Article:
It takes a lot to keep me from my Friday visit to La Central, the panadaria on South Bend's west side. If you have never had Mexican pan dulce, find a panadaria pronto, and prepare to be delighted. "Pan dulce" directly translated means sweet bread, but these bakery goods are not as sweet as they look and rarely seem like bread. They are not quite pastries; they are themselves.
The textures are light and soft. The colors can be as pink and yellow as the closet of a seven year-old girl, and the shapes are fantastical. No doubt each traditional form has a name, but --- not knowing them --- we call various pan dulce by their nicknames: the flower bud, the cigar, the Edvard Munch face, the alligator, and the You Know the One. There are huge crumbly cerise cookies and sugary oval pods with gooey fillings. There are whorles that flake like croissants, and sturdy anise-flavored scone-like things. If you are lucky, you will be able to grab a pumpkin empanada before they are all gone.
Each panadaria pretty much looks like every other panadaria. No sexy patisserie style here, but instead you'll find utilitarian pan dulce cases lining the walls, shuttered with clear plexi knee-to-head doors. At the cash register counter, you will pick up a round metal tray as big as a pizza pan and a pair of spring-loaded tongs. Then you will start piling the pan dulce on the tray. Go ahead. Try to stop yourself. I think I will try this one, and this one, and of course this one, and on it goes.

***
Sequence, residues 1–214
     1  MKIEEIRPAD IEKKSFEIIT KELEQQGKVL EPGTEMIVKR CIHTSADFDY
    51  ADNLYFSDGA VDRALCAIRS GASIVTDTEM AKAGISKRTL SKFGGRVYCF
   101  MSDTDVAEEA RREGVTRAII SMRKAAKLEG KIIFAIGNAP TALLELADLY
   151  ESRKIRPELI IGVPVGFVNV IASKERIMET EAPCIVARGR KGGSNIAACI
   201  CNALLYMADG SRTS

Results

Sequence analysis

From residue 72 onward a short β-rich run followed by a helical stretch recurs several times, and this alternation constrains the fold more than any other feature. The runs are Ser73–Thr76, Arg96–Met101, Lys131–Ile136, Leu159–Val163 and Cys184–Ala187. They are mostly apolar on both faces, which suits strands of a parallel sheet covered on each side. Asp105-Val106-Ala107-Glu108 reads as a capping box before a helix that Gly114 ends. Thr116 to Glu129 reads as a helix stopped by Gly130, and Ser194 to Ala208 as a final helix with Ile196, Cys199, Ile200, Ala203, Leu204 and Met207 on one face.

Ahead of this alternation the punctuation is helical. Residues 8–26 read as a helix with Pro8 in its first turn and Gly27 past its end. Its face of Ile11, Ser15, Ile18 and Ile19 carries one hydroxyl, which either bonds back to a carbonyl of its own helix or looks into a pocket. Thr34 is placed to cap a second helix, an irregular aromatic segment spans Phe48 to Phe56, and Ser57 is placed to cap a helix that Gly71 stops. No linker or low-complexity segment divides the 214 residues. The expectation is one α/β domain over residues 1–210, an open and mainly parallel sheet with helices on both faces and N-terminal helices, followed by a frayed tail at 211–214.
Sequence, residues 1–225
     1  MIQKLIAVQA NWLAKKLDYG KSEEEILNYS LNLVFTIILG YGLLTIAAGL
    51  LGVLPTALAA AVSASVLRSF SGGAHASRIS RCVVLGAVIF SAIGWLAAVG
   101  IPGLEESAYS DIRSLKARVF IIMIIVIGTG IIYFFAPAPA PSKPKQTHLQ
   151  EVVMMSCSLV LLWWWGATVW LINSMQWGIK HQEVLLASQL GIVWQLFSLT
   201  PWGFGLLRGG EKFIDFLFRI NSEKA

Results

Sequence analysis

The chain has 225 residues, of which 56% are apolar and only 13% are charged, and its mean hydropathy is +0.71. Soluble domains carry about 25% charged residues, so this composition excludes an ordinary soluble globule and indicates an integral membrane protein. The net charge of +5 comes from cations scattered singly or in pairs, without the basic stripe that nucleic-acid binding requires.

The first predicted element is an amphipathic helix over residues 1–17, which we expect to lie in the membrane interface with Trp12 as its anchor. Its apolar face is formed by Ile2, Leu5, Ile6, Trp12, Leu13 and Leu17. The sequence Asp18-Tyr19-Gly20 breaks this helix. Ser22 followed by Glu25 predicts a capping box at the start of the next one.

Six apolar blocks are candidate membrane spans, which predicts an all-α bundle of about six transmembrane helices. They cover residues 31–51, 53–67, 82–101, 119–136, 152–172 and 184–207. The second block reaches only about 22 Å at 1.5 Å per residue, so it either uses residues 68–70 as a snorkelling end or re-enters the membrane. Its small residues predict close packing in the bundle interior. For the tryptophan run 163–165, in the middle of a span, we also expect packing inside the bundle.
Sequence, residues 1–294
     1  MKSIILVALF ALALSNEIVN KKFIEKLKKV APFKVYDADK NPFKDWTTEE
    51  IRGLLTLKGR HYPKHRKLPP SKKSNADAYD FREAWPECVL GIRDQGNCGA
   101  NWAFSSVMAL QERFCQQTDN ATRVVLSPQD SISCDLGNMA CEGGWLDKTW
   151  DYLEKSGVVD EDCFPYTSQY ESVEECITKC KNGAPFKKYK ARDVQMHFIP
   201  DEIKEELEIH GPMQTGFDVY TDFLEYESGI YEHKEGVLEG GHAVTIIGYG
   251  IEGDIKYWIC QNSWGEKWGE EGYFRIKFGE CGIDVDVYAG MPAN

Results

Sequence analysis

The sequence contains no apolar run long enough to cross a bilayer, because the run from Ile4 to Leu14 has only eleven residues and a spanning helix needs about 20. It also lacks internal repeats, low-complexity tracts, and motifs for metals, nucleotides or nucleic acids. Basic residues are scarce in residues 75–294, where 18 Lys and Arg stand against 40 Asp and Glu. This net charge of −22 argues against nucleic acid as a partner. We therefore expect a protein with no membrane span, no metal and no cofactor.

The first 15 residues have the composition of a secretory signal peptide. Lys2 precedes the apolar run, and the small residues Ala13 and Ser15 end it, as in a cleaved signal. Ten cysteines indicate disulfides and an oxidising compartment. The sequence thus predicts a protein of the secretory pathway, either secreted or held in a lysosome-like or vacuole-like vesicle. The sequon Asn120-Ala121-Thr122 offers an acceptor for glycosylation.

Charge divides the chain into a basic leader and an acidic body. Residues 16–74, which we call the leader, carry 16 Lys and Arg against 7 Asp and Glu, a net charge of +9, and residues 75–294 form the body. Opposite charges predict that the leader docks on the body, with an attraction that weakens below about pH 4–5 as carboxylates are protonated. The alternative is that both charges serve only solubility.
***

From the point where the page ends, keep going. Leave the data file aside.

At La Central, the best panadaria in South Bend, I take my tray, towering with treasure, to Andres, the owner and head baker. He puts them all in a big grocery bag, doing the math in his head. If Edward and I show a little discipline, the supply will last until the next Friday, but that doesn't happen often.
My Friday trip to La Central is one of the wonderful sensory traditions that Edward and his family have shared with me. As everyone knows, nothing beats knowing how to judge a tamale. I will need many more years to master that one.